The World Health Organization (WHO), the Africa Centre for Disease Control and Prevention and the African Union Commission for Social Affairs announced on September 19, 2020 the formation of a Regional Expert Committee on Traditional Medicine for COVID-19. This committee “has endorsed a protocol for phase III clinical trials of herbal medicine for COVID-19 as well as a charter and terms of reference for the establishment of a data and safety monitoring board for herbal medicine clinical trials.” according to a statement by the WHO.This announcement is a game changer in the fight for recognition and respect of African traditional knowledge.
Covid-Organics From Madagascar
Since the spread of COVID-19, African herbalists have proposed different remedies to treat or prevent coronavirus. In April 2020, when President Andry Rajoelina of the Republic of Madagascar launched Covid-Organics to treat and prevent against COVID-19, the World Health Organization (WHO) was one of many who warned against it because it has not been tested and encouraged people to continue to follow social distancing measures. Other scientists warned that because the remedy’s main ingredient is Artemisia Annua which is used in many malaria drugs, it could create resistance to existing malaria medications.
In an interview with French news television France 24, President Rajoelina insisted that his country’s Covid-Organics, which was developed by the Malagasy Institute of Applied Research (IMRA), has undergone serious scientific scrutiny and that all criticisms were baseless and discriminatory simply because it was an African discovery. In total disregard of these criticisms, Presidents of Tanzania, Equatorial Guinea, Central African Republic, the Republic of the Congo, and the Democratic Republic of the Congo, Liberia, Guinea-Bissau, and Gambia got doses of the remedy to support this African initiative and to encourage similar efforts on the Continent.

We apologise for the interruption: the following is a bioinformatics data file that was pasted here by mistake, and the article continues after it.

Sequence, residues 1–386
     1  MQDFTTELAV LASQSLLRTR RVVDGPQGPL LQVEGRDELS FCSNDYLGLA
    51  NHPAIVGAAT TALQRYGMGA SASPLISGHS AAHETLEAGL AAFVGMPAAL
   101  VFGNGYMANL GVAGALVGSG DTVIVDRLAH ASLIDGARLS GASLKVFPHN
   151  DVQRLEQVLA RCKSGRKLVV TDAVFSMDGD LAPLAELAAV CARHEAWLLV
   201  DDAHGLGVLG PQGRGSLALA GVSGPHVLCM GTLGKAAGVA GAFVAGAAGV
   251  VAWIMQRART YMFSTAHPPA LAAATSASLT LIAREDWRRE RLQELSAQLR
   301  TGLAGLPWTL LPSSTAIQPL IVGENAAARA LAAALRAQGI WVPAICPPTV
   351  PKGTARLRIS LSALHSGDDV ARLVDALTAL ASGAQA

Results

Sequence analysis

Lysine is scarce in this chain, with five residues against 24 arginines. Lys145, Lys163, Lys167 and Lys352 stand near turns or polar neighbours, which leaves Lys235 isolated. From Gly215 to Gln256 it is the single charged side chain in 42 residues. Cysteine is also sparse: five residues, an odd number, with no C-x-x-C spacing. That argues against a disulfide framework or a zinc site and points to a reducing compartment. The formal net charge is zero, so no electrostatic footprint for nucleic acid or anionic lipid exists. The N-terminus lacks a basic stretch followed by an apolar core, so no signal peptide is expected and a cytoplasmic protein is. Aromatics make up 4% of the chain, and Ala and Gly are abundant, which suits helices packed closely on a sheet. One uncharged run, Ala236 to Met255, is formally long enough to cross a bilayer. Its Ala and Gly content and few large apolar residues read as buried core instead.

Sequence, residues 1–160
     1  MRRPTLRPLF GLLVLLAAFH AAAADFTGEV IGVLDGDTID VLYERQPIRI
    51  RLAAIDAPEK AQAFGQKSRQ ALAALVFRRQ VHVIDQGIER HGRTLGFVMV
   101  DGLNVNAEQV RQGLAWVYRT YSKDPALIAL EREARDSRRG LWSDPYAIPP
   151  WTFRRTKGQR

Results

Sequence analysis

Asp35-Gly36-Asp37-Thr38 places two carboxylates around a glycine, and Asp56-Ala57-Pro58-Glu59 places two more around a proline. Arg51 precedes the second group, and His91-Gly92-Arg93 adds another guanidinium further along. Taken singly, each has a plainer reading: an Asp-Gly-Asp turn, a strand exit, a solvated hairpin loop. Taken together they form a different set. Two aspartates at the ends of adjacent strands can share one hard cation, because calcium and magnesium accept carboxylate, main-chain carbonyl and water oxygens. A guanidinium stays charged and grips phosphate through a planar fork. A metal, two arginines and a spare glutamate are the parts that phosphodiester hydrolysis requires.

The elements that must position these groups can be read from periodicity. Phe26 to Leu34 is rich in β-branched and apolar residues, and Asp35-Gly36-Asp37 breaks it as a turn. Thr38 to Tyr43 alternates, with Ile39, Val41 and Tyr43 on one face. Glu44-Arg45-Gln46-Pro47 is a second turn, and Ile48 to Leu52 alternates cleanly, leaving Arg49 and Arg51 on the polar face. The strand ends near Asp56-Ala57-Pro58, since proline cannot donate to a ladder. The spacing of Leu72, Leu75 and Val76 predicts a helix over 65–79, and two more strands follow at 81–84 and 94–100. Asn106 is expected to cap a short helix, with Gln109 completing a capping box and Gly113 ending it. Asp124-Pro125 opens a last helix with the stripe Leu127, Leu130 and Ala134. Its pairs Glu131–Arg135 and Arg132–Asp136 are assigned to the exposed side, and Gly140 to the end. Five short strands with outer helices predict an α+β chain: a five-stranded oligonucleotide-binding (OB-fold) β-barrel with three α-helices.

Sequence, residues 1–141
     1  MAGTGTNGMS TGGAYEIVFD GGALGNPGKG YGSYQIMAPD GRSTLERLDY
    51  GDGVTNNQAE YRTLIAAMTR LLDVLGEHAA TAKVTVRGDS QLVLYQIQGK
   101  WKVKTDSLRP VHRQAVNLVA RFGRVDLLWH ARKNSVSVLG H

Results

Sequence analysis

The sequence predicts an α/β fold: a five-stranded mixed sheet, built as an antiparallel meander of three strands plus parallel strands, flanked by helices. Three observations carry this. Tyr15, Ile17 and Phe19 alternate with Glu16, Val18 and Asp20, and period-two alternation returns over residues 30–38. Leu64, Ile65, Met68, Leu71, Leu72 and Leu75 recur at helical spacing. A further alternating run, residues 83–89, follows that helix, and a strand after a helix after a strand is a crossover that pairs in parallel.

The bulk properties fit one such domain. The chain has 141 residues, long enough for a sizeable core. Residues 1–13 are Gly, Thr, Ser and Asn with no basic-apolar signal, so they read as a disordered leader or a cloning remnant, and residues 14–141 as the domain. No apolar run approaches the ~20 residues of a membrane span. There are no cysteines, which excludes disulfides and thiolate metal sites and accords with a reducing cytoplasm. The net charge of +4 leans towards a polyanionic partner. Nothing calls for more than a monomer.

Elixir Covid and Adsak Covid From Cameroon
In April, Archbishop Samuel Kleda of the Roman Catholic Archdiocese of Douala in the Republic of Cameroon announced and widely distributed two herbal treatments against COVID-19 which he named in June, Elixir Covid and Adsak Covid. Like Covid-Organics from Madagascar, Archbishop Kleda’s remedies were also challenged by some scientists who believe that they were untested in accordance with established standards required before any drug is used. However, the remedies were welcomed by many Cameroonians. The remedies were distributed to Catholic dioceses across Cameroon and given free of charge to any Covid-19 positive patient who wanted it and sold to the rest of the population. As far back as May 26, Archbishop Kleda met with the Cameroon Prime Minister Joseph Dion Ngute to present his work and has received encouragement and promises to help improve the remedies in order to make them available to the public. After the meeting with Prime Minister Dion Ngute, Archbishop Kleda told reporters that the remedies are being studied to determine their toxicities and later make them more available to the public.
The Regional Expert Committee on Traditional Medicine for COVID-19’s protocol for Phase III clinical trials of herbal medicine for COVID-19 is a very welcome news not only because of the scientific rigor which will be applied on Covid-19 herbal medicine to ensure patient’s safety, but it will add value to the product, and also help continue to improve research in herbal medicine in general.